Definitely. And I'm thinking – we were talking about the increase of emphasis on transparency and making more of this information available to the public. When you go to structured content you have a way to identify in the content itself what can and cannot be shared with public, what can and cannot be shared with partners, and so on, and so based on that tags or that metadata the systems can provide a layer of security and trust on: we're being transparent with everything that needs to be transparent, we are protecting all of that information that has to be protected, maybe, to meet other regulations, in the case of personal health information, or maybe it's intellectual property of the sponsor about their methods or their technologies.
So getting this content into a structured content management world is the only way to deliver the right information to the right place at the right time in the right format at scale, because you can do this by hand very slowly, and probably some errors will creep in, but if you need to do it at scale like an enterprise, this is your only option. But what's so great is there are many different ways to achieve this, and there are best practices, and there are proven methodologies, and there are mature tools, because the technology is mature enough now to do all of this. So I am going to introduce Simon now to talk about this mature technology and all of the benefits that it can bring.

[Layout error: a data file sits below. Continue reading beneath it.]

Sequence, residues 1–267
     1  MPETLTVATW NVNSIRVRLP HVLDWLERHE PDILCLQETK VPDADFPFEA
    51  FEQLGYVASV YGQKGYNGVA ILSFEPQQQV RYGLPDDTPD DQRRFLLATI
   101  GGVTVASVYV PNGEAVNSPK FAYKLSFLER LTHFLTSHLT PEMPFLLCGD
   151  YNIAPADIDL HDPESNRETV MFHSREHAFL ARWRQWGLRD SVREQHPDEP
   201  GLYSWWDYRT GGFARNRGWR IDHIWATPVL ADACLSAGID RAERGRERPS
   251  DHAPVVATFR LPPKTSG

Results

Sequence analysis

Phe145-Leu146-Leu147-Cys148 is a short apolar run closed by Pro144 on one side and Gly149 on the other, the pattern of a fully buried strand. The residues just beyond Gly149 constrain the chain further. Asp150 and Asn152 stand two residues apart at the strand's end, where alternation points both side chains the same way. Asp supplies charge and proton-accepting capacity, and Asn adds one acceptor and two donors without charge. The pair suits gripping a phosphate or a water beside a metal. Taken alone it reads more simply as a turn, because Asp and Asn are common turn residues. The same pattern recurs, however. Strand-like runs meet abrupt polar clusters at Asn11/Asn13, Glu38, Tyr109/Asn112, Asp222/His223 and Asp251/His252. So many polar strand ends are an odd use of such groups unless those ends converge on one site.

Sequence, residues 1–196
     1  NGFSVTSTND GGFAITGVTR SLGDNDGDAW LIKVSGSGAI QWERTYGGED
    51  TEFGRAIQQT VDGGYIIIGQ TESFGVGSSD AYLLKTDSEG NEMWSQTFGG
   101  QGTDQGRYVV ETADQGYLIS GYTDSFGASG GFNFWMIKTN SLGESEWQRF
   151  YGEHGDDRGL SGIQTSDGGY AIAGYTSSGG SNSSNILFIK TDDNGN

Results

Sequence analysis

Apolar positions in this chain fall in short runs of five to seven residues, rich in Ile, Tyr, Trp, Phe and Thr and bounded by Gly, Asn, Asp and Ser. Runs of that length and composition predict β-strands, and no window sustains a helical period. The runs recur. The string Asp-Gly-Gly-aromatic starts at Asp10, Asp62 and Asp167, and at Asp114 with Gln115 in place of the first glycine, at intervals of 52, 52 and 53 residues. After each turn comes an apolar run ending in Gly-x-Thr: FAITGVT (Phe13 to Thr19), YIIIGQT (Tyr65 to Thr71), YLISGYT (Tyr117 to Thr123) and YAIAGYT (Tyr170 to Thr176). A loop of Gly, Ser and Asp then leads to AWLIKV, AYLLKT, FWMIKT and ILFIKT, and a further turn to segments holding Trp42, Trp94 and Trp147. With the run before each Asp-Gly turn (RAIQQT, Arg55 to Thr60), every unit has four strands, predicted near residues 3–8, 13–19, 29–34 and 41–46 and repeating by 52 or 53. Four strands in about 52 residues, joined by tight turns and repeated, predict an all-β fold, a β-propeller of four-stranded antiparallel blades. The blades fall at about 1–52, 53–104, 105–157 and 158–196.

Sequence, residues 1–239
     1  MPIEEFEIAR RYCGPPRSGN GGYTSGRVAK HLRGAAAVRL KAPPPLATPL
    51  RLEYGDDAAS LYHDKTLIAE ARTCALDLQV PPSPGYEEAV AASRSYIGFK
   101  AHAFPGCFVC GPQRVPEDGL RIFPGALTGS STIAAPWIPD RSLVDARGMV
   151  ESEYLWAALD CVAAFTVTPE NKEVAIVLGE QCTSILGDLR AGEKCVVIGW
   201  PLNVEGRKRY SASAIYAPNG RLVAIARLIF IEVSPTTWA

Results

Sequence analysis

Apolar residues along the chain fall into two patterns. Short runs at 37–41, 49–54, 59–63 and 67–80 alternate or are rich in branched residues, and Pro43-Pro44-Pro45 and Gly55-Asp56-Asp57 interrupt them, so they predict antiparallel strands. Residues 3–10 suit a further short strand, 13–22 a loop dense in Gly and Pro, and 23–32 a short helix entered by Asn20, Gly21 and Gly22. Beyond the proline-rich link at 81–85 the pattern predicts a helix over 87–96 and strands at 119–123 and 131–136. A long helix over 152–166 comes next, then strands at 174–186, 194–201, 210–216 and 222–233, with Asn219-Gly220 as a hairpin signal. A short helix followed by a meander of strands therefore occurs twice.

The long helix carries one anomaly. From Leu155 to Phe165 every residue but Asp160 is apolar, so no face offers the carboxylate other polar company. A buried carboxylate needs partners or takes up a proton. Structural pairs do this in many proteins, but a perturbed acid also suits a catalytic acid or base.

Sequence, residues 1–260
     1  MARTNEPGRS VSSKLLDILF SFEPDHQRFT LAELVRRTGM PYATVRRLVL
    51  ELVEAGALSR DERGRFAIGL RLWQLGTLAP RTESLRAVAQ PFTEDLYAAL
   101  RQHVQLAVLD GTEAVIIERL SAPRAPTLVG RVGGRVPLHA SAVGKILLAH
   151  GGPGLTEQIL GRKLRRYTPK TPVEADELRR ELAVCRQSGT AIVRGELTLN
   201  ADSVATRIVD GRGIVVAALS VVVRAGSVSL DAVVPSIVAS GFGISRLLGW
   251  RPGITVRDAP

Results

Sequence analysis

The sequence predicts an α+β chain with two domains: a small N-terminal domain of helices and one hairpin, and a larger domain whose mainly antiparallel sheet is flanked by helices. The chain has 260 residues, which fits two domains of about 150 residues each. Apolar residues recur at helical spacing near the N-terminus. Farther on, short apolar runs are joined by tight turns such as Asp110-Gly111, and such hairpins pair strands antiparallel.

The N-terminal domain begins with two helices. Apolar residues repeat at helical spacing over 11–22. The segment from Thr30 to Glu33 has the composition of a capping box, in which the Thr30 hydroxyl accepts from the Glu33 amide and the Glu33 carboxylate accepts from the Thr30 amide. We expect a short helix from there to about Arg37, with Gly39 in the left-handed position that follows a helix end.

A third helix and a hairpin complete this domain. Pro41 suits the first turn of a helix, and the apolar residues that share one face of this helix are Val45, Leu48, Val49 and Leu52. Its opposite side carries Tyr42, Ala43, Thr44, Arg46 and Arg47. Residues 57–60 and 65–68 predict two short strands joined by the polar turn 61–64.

Regina Lynn Preciado
So, take it away, Simon.
Thanks, Regina. So that was a bold promise, and we're probably not going to go into a lot of detail today, so we're just going to talk about, probably glad to hear, technology at a reasonably high level. So, I'm from Esko. So, we're the part within the piece that is the technology, and if all works well I should be able to move on to this next phase here, which is you use an automation to drive transformation, thinking, really, about how the technology fits, and I think you make a really good point, then. This is where we start now, the technology aligns exactly with what Regina's been saying, which is that, really, as well as the content strategy,
as well as seeing what, how the content should be, you know, put together from a technology standpoint as well, it's the component that’s the important piece. So I mean, this really is saying from a technical standpoint, What is structured content?